On Superman & Lois, a lot of time is spent on Clark Kent juggling being a hero and learning to become a better father. While all of this is happening, Lois Lane is trying to expose Morgan Edge. While all of that is fascinating in its own right, the Kent children tell quite the story of their own. Jonathan and Jordan Kent couldn’t be more different from each other, which adds quite a bit of tension throughout its run.
Jonathan (Jordan Elsass) is levelheaded, comfortable in his skin, and incredibly confident. In the first three episodes, he stands out as the moral center of the show. Sure, we see him teasing his brother, but what teenager wouldn’t? What we learn about him while watching this show is that Jonathan is also incredibly empathetic and reasonable. He sees things in his brother that their father is missing.
When Jordan (Alex Garfin) joins the football team without Clark knowing, Jonathan tells his brother that their father will be upset, as he tries not to beat him over the head with it. Later, when Clark finds out and scolds Jordan, Jonathan is the one that comes to his defense. He ensures to their father that Jordan can control his abilities. Jonathan should have every reason not to be as understanding as he is. He got upended to a small town and suddenly finds out his father is Superman. We haven’t even tackled the fact that his brother has powers while he doesn’t.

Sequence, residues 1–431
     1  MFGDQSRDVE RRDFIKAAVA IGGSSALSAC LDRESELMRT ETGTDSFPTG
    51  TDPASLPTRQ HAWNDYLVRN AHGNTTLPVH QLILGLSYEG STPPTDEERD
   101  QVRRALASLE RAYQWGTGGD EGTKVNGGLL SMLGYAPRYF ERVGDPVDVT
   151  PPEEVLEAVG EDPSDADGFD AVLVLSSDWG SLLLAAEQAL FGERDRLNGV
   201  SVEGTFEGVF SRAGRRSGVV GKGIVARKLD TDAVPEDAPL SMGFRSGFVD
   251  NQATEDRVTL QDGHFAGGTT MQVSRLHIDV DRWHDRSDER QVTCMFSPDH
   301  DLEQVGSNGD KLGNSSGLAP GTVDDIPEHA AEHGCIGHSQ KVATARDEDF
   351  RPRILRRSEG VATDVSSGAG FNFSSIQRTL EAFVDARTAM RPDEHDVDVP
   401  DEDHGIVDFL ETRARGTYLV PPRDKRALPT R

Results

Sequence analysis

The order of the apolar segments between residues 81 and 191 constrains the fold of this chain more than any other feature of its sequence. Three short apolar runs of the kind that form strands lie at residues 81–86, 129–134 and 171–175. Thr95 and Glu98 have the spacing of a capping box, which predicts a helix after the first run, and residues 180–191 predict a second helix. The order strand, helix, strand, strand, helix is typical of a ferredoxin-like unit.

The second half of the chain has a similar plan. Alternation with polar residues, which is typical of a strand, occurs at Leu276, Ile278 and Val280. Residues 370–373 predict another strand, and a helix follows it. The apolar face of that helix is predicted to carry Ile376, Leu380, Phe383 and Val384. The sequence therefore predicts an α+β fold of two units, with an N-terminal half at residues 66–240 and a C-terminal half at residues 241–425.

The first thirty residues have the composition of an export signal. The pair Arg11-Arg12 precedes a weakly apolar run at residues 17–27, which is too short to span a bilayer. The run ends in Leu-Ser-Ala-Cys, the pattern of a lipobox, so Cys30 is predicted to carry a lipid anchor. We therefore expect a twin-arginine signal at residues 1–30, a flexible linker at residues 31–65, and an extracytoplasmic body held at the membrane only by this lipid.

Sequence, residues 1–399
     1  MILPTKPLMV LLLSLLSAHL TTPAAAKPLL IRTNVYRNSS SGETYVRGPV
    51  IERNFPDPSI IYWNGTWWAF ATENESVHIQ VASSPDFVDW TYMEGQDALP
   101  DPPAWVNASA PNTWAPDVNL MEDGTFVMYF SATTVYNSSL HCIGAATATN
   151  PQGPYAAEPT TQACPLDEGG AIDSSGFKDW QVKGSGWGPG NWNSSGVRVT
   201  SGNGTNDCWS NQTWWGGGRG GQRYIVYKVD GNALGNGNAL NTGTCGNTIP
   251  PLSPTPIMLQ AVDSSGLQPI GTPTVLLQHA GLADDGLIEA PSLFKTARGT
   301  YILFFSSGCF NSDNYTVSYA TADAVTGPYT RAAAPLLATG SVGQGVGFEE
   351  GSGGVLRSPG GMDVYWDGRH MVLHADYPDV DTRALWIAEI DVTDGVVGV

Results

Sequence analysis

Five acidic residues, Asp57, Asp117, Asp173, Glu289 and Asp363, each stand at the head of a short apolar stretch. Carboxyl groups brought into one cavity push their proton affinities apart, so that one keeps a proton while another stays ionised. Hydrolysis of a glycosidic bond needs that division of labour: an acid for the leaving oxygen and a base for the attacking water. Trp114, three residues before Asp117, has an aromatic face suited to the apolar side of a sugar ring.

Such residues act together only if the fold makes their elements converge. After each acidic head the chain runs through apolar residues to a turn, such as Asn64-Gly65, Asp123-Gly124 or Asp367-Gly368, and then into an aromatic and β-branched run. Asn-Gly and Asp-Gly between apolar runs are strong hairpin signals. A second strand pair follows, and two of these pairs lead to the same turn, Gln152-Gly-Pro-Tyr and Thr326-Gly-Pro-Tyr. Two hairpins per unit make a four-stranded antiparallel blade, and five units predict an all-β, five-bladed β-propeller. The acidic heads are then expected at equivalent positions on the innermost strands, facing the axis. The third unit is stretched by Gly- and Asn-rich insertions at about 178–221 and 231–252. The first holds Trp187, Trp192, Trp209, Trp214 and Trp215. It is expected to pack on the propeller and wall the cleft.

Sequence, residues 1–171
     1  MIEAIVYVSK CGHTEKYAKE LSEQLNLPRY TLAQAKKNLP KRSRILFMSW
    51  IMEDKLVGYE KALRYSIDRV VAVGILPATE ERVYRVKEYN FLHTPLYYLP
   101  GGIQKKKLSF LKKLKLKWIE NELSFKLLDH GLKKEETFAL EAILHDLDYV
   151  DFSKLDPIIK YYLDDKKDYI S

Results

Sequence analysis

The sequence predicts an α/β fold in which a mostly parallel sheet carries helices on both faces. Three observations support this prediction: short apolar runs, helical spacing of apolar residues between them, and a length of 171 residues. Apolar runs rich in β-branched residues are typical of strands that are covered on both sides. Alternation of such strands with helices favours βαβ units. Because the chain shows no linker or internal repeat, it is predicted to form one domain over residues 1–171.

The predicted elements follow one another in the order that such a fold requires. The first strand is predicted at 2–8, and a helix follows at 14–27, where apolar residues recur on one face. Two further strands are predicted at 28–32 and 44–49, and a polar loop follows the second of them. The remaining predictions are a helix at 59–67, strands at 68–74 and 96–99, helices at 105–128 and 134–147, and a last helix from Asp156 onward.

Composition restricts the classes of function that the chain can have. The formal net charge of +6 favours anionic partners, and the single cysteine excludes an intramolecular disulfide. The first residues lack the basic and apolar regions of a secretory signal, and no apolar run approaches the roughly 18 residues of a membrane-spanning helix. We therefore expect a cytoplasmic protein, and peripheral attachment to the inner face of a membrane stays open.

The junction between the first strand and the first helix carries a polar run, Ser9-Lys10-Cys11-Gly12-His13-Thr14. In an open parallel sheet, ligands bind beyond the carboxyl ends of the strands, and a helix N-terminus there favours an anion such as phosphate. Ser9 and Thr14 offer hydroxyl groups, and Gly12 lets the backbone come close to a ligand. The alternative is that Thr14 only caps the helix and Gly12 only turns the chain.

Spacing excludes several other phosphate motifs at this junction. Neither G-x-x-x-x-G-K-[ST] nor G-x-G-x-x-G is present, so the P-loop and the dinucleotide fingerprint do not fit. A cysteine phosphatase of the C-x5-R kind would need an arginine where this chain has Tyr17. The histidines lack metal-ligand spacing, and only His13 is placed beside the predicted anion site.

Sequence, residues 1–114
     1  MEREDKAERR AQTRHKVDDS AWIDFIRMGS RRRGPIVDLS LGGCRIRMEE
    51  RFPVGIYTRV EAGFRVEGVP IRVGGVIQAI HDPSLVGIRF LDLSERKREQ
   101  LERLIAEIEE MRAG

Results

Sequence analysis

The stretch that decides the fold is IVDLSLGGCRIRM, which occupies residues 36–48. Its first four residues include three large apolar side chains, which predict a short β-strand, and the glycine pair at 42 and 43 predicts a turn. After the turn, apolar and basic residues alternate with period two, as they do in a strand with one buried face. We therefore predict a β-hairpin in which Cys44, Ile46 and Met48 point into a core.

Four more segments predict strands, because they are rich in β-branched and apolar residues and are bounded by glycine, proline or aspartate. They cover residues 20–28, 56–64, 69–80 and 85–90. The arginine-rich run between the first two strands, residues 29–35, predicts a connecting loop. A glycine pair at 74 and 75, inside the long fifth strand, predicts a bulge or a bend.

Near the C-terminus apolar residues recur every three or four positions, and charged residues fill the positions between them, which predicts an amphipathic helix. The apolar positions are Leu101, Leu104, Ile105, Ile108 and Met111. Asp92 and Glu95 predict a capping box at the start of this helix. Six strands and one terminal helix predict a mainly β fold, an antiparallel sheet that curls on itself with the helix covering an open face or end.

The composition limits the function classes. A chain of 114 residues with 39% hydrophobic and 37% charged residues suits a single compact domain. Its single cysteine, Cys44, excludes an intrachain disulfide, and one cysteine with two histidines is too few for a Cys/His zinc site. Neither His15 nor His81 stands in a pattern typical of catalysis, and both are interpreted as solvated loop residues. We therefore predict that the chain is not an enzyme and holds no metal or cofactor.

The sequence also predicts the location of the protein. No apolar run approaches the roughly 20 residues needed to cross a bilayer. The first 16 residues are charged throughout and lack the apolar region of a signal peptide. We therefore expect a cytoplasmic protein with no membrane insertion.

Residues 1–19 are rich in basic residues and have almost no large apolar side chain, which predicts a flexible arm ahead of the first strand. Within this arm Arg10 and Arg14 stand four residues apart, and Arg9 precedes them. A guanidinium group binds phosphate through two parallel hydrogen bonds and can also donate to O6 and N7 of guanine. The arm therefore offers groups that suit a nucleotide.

Now the one thing Jonathan excels at is football, but now his brother is upstaging him. With all of that happening, he still tries his best to be a good brother. One wonders if that will continue or how that will evolve, as Jordan is the one that needs the most care. He’s emotionally unstable at times, which is a dangerous combination when one possesses abilities as he does. This fact, of course, concerns his parents.
When Clark takes Jordan to the Fortress of Solitude, Jor-El’s hologram tells Clark that Jordan will never be like him. This revelation leaves his son angry and bitter, which ends up blaming it all on his father. We will look at this as an angst-ridden teenager in any other show, but this is a young man with insane expectations. Imagine being the son of Superman and hearing your grandfather say how you’ll never live up to your father. That’s pretty rough.
On top of all of that, Jordan also has feelings for Lana’s daughter, Sarah Cushing. (Inde Navarette) In the pilot, he kisses her. It leads to a fight with her then-boyfriend, which becomes the catalyst to activate his heat vision. Jordan then spends the next episode not being allowed to go to school. It’s hard to imagine anyone dealing with this well at all. In episode three, both the boys find out that Clark has been eavesdropping on their conversations for a long time. This invasion of privacy is a privilege Superman has through his abilities, but it creates tension with his sons.
Eventually, there’s growth from Jordan once he joins the football team. He’s able to control his new-found strength to some degree. The best part is, he even gets to make some friends. Maybe there’ll be a little bit less angst in the upcoming episodes. Even Clark learns something from prior experience with his Dad that gives him the motivation to let Jordan play. This television show is primarily about Superman, but they confirm his two sons are not just cannon fodder. They’re teaching Clark valuable lessons and growing as young men themselves. Their character development is just as important as the man of steel.